v(ouch)!

Plaintiffs: Dougco voucher program thwarts constitution

PHOTO: Nicholas Garcia
Highlands Ranch High School science teacher Bob MacArthur leads a class discussion May 16 on propaganda art. His ninth grade science class was asked to design a propaganda poster in support of an energy source they have been studying.

Gearing up for a constitutional slug match over the fate of private school vouchers in Colorado, lawyers for Douglas County parents and taxpayers made their first pitch to the Colorado Supreme Court on the 2011 suburban scholarship program.

The voucher plan, which is on hold pending litigation, would allow Douglas County students to use public tax dollars to enroll in private — and often religious — schools would siphon away much-needed revenue from public schools and subsidize religious institutions. In effect, the program is unconstitutional, lawyers argued in a brief filed late Thursday with the Colorado Supreme Court.

The 80-page document, filed on behalf of two groups of plaintiffs, argues why the district-created voucher program, known as the Choice Scholarship Program, should not be permitted to launch.

The Colorado Supreme Court agreed to hear the case earlier this year after a three-member appellate court overturned a lower courts ruling that deemed the program unconstitutional.

The appellate court ruled the plaintiffs, including parents, clergy, and tax payers, did not have legal standing to bring the lawsuit. That decision will be one of six points the Supreme Court will consider in its ruling.

Other questions the Supreme Court will look to answer include whether the program violates Colorado’s Public School Finance Act of 1994 and four different sections of the Colorado Constitution.

“The majority court of appeals opinion that upheld the Program, if allowed to stand, would eviscerate core provisions of the religion and education clauses of the Colorado Constitution, restrict citizens’ ability to enforce the Public School Finance Act, and give school districts around the state carte blanche to implement similar programs, with potentially devastating consequences for the State’s constitutionally mandated public-school system,” the brief says.

The plaintiffs’ brief is one of a few initial steps in what is expected to be a rather long and uncertain process. The Douglas County School District has until Aug. 4 to file its response. A date for oral arguments has not been set. Those arguments may not be heard until next year, according to a spokesman for the the Colorado chapter of the American Civil Liberties Union.

The voucher program, which was unanimously passed by the Dougco school board in 2011, would have allowed up to 500 Douglas County students to use 75 percent of the district’s per-pupil funding – or $4,575 at the time – to attend a participating private school approved by the district.

Students would have been able to use those funds to attend private religious schools.

Thirty-four private schools applied to participate in the voucher program. Dougco approved 23 of those schools.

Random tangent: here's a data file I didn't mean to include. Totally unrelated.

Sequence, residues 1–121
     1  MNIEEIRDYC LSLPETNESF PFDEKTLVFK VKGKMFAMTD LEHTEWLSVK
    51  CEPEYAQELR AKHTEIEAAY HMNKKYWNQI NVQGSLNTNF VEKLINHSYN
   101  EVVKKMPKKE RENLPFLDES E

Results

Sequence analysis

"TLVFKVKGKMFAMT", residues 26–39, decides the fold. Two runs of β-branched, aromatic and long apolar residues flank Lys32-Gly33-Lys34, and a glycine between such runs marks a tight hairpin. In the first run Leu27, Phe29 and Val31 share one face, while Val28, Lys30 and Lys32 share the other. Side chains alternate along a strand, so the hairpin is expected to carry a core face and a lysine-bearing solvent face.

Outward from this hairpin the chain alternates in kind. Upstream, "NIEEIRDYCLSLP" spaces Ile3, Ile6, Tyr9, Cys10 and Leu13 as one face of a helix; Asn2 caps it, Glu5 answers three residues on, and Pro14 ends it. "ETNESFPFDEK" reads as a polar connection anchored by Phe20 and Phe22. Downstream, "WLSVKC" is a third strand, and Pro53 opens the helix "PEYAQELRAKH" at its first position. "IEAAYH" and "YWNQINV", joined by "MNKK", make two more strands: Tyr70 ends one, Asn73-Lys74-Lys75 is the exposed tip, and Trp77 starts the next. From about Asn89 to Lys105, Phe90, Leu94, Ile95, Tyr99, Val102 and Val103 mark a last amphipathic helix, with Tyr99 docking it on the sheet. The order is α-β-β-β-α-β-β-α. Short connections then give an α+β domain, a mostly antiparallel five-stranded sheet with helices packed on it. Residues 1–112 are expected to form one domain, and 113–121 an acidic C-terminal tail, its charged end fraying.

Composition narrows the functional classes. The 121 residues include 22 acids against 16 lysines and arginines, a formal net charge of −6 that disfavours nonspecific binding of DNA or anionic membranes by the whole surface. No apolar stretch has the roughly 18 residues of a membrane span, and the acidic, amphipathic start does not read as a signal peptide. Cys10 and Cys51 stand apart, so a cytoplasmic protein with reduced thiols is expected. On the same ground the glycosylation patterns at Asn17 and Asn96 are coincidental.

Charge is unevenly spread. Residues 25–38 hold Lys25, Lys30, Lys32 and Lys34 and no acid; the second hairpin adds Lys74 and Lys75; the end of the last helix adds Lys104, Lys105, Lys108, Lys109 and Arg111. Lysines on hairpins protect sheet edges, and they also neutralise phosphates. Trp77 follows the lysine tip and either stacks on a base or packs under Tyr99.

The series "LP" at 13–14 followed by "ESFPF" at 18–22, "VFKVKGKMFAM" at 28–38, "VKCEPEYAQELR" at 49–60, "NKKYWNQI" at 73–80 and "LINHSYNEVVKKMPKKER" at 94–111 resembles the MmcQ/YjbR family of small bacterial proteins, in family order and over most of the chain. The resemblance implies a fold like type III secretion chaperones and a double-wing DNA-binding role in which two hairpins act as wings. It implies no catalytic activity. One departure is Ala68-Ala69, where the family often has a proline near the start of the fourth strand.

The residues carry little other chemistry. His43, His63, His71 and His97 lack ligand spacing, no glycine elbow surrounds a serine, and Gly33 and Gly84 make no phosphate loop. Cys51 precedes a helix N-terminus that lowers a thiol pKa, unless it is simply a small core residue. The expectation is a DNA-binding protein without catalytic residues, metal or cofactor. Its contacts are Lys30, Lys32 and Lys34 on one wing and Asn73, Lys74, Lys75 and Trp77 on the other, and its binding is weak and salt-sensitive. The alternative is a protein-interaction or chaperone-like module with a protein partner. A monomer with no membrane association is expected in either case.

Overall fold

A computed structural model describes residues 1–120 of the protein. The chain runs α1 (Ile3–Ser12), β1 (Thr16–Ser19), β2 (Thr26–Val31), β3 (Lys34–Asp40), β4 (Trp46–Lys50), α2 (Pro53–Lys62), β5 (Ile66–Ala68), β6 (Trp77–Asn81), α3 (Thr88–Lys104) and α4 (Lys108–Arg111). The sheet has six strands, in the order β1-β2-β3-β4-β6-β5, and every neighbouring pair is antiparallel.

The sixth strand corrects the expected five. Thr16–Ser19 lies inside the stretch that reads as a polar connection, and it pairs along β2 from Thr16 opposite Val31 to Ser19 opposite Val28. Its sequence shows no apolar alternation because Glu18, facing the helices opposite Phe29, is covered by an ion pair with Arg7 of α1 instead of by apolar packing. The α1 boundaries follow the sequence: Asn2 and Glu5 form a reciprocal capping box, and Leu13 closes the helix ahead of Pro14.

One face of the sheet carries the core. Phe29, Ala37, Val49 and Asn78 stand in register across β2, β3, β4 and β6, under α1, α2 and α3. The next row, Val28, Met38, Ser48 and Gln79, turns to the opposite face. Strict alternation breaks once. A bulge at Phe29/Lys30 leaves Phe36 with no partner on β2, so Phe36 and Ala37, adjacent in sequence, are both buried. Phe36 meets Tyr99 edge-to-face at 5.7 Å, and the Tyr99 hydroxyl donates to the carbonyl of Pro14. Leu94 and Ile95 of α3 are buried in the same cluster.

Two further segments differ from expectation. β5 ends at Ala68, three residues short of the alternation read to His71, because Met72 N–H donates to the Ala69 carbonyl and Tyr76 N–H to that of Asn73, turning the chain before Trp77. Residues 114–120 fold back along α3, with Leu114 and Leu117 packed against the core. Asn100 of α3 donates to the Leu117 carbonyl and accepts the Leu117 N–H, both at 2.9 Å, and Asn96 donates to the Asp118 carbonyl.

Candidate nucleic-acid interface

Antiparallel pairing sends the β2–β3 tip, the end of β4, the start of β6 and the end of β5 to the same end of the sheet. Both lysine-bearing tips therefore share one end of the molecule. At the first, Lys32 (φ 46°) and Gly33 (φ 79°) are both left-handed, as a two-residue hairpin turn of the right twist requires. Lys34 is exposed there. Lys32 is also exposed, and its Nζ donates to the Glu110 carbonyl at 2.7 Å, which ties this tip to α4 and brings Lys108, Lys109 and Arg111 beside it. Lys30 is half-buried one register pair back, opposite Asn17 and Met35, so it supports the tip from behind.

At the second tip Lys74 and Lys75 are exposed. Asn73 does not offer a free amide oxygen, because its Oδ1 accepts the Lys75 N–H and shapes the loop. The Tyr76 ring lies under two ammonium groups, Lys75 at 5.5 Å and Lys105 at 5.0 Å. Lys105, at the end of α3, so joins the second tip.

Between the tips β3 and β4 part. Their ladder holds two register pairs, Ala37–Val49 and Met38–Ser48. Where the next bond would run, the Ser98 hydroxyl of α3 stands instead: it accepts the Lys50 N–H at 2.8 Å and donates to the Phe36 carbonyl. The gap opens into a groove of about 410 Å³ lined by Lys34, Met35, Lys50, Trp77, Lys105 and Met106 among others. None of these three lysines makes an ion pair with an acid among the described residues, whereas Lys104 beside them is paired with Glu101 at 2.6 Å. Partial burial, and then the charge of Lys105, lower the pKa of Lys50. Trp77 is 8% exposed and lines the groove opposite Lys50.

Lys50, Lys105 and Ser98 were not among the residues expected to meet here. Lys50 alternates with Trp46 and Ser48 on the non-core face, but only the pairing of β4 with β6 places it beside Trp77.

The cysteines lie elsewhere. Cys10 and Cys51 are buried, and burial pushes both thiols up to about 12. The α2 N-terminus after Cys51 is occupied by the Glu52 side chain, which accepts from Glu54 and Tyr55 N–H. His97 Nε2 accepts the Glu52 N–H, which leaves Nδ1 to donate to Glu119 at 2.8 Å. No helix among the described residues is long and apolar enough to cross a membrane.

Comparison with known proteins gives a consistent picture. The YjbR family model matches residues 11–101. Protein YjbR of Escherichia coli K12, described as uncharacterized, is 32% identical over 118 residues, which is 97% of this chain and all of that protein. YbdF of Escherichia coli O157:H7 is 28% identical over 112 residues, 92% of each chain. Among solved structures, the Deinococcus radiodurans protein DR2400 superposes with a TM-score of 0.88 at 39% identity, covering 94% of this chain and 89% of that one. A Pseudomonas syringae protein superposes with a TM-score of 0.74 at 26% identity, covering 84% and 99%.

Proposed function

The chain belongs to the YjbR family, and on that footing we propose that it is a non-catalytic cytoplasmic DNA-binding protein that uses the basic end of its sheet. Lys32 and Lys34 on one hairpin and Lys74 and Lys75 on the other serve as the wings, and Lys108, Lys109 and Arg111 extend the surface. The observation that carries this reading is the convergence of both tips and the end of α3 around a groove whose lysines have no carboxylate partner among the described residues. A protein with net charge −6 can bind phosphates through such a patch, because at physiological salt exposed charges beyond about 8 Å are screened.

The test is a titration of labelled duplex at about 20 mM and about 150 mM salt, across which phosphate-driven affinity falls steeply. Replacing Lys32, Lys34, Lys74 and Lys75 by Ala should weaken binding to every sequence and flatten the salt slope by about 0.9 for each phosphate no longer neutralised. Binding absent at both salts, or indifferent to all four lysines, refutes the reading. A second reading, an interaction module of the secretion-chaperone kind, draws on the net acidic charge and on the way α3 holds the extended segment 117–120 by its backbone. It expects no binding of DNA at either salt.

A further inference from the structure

Of the 23 schools, 14 were located outside Douglas County, and 16 taught religious doctrine.

The voucher program was modeled after other programs across the nation that have prevailed in court. It gave students the right to “receive a waiver from any required religious services at the [participating private school],” according to previous court documents filed by the district.

However, lawyers for the plaintiffs argue the waivers weren’t enough to meet constitutional muster.

The Douglas County school board remains confident in its case, a spokeswoman for the district said earlier this week referring to a previously issued statement from board member Craig Richardson.

“The District welcomes the opportunity for the state’s highest court to review a case that presents such important issues for our state and our country,” Richardson said in March. “DCSD is committed to expanding choice for parents and one of the ways is our innovative Choice Scholarship Program. We believe the Court of Appeals will be affirmed and that the parents and children of our District will, someday soon, be afforded more educational choice.”

From the brief

One of the main objections to the voucher program was the inclusion of religious-run institutions. Critics saw this as a violation as of the Colorado’s Constitution as using public dollars for religious activities. While there was a waiver policy for students who might not participate in a particular religion, a lower court agreed the waiver was limited at bets. The brief argues:

The Program purports to afford students the right to “receive a waiver from any required religious services at the Private School Partner,” but the waiver only applies to saying prayers aloud; students can still be compelled to attend religious services. Nor may students opt out of full participation in other religious exercises — such as prayer recitations and scriptural readings — that many of the schools mandate throughout the day. Moreover, most of the schools require students to receive instruction in religious doctrine. Even the District acknowledged that this was “[n]ot much of an opt out.”

During the initial trial, testimony suggested one participating religious school only signed up for the program to beef up its own reserves. Here’s why: